What a city can learn from Mardi Gras' most famous dessert
Despite access to hundreds of restaurants in Columbus, we have a lot to learn about food.
We’ve nailed the eating part. It is the stewardship that turns cuisine into culture that is frequently absent. There are maybe two fistfuls of cooks and restaurants that have the potential to generate a genuine Columbus cuisine, and then there is the indestructible New Orleans menu of Way Down Yonder, which may very well be a restaurant Columbus doesn’t deserve. The food is consistently some of the best in the city, regardless of regional trappings, and as Mardi Gras approaches, you can smell the sugary blanket of king cakes not far behind.
If king cakes are news to you, think of an enormous Cinnabon made with actual care and slathered in history and ritual. If you celebrate Mardi Gras but have never eaten a piece of king cake, you have broken several verifiable Louisiana laws. No one cares if you have diabetes. Pop an extra Metformin that day. It’s Mardi Gras.
Excited at the prospect of laying eyes on a fresh king cake made within city limits by actual NOLA folk, I reached out to the Yonder family. I just wanted to observe one being made. In true Southern fashion, Yanda Millz — a daughter in the cooking clan and maker of everything on the menu but queen of the desserts — graciously offered to come to my house and show me how it was done. Seeing as how she was just invited to partake in a Food Network baking competition, it was like having Parliament/Funkadelic call and say it wants to play your birthday party.
Watching Millz make a king cake in her patient and thorough twang is as much a lesson in community as cooking. All of the food served by her family is purportedly made with love, but in watching her make a king cake, I actually felt loved. Her care was clear, her lessons warm. In the two-hour breaks where we sat and waited for dough to work its magic, there was an exchange of foodie reviews, advice on where to really go in NOLA, phone pics of a Mardi Gras passed. A couple of my friends came by to witness the process — one with baking skills, the other a king cake neophyte — and in the swigging banter of my small kitchen, a new thing rose just as sure as dough: community. Those who had not met were now engaged like house party cousins, the cinnamon-spiked dough rolled out on a table I pretended was always that kitchen-ready. In such moments our truths come out, and it didn’t matter that she freely shared her recipe, because we both knew at the end of an oven ding, only she can make her cake.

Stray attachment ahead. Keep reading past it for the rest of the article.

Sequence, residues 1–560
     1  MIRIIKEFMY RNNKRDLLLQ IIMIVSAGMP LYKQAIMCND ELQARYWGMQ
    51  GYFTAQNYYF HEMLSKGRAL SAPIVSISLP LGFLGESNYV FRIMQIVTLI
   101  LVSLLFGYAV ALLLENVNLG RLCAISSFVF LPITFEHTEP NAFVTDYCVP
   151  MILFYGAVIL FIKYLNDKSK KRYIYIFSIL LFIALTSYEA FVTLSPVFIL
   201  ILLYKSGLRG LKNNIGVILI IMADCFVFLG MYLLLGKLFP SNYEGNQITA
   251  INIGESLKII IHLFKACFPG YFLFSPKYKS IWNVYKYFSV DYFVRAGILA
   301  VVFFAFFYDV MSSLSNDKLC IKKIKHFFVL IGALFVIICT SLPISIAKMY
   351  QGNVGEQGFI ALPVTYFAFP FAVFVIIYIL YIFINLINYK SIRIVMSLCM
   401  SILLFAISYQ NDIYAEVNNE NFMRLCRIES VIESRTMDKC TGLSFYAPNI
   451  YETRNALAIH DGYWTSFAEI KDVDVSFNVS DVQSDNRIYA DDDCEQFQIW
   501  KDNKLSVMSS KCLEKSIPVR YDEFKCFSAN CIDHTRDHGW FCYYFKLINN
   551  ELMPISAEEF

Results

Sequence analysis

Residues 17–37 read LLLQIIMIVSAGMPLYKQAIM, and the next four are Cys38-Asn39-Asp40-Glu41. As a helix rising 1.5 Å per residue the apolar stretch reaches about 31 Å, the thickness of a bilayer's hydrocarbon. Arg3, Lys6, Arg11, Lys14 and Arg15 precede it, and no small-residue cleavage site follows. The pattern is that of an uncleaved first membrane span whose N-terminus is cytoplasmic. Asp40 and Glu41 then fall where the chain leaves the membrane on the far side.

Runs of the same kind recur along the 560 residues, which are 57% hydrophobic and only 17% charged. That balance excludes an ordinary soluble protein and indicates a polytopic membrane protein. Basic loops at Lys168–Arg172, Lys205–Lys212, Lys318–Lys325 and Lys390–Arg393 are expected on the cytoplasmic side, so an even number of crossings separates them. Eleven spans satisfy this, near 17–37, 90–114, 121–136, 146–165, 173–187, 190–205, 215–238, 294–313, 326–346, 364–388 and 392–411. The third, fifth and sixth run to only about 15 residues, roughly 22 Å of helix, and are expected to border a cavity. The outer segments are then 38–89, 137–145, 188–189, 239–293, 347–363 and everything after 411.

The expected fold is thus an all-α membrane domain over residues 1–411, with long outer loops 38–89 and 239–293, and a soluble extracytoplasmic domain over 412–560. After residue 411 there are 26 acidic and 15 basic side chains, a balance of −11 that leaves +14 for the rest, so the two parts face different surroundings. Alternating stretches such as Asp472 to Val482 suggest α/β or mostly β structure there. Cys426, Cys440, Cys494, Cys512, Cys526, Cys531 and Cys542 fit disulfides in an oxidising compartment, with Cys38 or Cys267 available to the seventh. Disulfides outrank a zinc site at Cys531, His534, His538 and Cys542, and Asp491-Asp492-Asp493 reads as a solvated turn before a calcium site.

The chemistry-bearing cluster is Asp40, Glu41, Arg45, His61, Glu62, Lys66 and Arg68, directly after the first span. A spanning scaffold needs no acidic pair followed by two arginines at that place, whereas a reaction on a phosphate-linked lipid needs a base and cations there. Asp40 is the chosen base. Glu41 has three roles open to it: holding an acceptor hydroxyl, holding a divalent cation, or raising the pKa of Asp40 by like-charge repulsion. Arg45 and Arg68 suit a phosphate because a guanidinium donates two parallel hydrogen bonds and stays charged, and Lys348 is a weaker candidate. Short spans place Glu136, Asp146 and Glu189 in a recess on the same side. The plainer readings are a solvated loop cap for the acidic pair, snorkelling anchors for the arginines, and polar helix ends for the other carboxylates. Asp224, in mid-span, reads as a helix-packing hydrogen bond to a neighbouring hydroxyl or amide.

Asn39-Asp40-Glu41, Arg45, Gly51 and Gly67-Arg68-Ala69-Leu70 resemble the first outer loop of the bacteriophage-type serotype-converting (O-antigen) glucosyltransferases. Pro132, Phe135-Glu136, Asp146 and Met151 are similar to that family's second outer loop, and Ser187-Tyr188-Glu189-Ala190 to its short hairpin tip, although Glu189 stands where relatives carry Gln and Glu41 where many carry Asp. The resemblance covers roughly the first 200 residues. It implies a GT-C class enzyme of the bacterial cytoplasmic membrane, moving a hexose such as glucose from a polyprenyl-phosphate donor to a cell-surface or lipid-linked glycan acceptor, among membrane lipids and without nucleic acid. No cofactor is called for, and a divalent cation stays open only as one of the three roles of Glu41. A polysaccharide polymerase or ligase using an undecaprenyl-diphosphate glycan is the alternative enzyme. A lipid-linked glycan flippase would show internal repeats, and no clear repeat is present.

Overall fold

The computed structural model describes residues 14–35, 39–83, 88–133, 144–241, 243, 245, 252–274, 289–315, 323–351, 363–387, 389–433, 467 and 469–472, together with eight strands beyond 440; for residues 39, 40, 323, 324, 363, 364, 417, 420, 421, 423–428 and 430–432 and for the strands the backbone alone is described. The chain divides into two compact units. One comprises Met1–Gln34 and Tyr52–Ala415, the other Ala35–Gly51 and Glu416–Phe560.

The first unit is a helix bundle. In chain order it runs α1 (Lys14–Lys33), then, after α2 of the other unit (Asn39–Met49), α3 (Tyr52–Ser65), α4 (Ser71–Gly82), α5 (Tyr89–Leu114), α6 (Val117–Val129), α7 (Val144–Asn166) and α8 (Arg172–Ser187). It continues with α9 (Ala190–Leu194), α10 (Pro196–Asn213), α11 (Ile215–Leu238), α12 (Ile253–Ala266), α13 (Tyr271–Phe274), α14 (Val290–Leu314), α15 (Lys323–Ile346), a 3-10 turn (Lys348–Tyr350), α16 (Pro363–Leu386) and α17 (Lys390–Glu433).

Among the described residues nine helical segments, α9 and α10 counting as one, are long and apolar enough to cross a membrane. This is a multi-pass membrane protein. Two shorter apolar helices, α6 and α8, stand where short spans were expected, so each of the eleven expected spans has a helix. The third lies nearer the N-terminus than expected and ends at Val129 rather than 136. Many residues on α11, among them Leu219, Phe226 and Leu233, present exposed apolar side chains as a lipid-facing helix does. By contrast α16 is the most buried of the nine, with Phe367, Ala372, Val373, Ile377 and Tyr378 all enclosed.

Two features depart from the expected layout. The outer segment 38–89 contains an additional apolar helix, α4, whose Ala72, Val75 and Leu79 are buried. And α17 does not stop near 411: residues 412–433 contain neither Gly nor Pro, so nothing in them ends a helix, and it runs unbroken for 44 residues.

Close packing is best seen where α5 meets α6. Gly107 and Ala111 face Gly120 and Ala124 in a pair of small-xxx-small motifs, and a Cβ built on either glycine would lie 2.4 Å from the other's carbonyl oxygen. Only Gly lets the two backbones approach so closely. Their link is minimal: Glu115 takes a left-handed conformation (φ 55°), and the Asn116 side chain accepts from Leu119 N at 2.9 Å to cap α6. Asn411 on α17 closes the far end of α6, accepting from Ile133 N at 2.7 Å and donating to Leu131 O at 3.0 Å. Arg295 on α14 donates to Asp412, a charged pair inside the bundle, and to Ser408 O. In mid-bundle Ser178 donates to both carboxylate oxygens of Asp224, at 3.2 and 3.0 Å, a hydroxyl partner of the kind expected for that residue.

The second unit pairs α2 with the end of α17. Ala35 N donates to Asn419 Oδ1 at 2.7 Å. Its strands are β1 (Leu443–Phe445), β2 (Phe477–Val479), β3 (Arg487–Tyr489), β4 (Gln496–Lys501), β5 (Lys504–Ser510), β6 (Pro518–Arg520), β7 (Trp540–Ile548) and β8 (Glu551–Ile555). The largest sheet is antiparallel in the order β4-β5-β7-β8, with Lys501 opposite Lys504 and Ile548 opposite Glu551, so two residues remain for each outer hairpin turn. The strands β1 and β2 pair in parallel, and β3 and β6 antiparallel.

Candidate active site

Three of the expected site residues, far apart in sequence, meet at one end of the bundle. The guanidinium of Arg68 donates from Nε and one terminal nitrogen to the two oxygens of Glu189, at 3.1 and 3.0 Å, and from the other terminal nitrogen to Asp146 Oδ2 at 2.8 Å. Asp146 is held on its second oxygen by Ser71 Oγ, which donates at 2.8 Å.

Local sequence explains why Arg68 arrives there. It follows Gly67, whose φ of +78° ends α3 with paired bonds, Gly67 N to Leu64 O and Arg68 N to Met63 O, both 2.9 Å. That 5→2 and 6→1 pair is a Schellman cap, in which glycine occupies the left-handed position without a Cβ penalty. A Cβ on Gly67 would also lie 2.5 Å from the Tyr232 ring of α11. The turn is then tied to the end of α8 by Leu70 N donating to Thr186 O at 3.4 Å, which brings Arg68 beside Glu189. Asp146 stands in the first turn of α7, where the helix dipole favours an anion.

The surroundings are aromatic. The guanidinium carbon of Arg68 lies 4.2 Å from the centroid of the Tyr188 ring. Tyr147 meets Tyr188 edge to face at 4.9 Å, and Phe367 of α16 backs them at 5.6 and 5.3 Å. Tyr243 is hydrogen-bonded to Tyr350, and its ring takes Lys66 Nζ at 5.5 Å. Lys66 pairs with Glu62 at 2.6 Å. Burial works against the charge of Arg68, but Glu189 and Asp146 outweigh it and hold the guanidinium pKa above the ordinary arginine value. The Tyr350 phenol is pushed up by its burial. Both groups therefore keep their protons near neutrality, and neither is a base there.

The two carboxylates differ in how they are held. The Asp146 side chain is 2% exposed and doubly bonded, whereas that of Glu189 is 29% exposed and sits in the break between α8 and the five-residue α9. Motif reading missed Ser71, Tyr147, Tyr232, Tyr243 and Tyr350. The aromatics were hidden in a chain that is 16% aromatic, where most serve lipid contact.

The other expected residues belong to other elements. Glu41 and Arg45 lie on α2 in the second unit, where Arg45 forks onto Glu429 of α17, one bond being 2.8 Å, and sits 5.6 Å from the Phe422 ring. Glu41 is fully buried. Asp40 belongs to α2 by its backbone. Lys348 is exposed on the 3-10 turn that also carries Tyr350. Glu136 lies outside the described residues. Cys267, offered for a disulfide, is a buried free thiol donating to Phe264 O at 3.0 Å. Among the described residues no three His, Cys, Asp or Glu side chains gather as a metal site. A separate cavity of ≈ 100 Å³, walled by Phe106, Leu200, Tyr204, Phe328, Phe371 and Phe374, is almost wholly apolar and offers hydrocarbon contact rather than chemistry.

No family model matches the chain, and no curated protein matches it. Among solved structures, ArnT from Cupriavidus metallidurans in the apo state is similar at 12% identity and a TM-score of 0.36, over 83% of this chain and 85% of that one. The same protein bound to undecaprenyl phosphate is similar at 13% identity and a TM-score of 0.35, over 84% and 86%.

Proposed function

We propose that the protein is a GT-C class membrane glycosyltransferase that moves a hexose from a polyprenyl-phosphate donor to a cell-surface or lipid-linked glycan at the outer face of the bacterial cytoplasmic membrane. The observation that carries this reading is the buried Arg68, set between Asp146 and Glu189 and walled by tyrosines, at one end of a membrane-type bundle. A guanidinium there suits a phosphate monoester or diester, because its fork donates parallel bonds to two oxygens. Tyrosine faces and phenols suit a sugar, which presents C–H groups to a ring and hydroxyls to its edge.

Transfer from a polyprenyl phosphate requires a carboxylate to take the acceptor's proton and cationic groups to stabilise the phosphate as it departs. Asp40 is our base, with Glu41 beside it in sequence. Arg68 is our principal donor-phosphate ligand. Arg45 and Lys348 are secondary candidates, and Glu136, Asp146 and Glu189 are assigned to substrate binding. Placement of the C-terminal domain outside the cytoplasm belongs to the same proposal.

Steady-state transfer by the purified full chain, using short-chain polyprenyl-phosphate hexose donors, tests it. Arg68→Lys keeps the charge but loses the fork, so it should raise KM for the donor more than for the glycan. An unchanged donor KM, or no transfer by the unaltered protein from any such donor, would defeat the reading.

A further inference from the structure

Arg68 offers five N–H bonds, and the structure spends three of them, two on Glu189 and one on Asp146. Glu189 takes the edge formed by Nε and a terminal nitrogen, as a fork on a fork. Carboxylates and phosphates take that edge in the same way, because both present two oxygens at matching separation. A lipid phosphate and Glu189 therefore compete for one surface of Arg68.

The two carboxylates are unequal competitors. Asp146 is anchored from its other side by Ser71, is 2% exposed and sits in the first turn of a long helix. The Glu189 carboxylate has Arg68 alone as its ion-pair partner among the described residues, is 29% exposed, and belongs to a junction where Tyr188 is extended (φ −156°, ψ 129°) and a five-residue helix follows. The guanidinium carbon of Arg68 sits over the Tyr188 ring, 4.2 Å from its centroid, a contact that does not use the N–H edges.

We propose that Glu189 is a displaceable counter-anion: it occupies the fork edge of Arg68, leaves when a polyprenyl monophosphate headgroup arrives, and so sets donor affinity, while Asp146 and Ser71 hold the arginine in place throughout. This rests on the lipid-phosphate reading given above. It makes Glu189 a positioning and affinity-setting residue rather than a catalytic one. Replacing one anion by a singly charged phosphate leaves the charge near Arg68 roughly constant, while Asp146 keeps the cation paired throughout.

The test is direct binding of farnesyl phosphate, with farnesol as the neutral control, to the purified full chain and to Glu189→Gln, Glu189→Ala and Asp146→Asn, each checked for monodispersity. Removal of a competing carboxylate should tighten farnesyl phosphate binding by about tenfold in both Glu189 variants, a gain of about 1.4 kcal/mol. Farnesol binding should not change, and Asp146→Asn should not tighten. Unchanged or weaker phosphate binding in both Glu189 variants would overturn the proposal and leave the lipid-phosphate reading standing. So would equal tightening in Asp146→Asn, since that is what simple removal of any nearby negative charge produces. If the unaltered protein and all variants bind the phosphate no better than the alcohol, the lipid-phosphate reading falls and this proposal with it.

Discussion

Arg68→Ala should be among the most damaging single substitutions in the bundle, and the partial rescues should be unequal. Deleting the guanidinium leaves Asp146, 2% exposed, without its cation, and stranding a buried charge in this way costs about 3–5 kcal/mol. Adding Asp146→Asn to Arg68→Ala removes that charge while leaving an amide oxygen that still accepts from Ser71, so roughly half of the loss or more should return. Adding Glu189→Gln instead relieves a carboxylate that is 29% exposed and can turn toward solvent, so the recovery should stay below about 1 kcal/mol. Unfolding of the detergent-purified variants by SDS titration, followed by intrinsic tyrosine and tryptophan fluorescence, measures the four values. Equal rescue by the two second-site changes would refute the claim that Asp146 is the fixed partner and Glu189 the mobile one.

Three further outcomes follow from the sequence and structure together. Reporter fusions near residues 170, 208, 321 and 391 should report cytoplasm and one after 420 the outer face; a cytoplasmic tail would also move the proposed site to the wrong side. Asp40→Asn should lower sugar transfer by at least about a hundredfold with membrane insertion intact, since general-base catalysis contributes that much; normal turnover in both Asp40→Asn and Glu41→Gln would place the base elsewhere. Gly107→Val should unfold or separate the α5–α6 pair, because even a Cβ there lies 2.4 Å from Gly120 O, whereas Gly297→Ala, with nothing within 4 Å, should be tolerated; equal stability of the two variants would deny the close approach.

Thanks to a dear friend from good Louisiana folk, I receive a king cake every year. I know its taste and its journey. I have scored the baby Jesus hidden inside multiple times, and I finally got to honor my friend with this king cake, made with as much love as Yanda Millz could muster in my dinky kitchen. Good friends deserve masterfully made pastry, but now I want those whom I take to task regularly to peer into this moment. I want to make City Council make a king cake, every police officer, every school administrator. This king cake is an act of community drizzled with homemade icing (and a secret sauce Millz refused to part with), and it tastes the way a city that wants me to call it home should feel.
Columbus could learn a lot from a king cake like that.